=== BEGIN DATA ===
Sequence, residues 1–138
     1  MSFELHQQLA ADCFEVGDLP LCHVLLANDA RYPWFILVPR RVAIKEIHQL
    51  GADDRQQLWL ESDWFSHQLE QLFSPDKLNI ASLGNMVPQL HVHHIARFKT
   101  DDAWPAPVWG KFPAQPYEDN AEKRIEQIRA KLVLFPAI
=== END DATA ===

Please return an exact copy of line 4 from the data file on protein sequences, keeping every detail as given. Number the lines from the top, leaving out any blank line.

   101  DDAWPAPVWG KFPAQPYEDN AEKRIEQIRA KLVLFPAI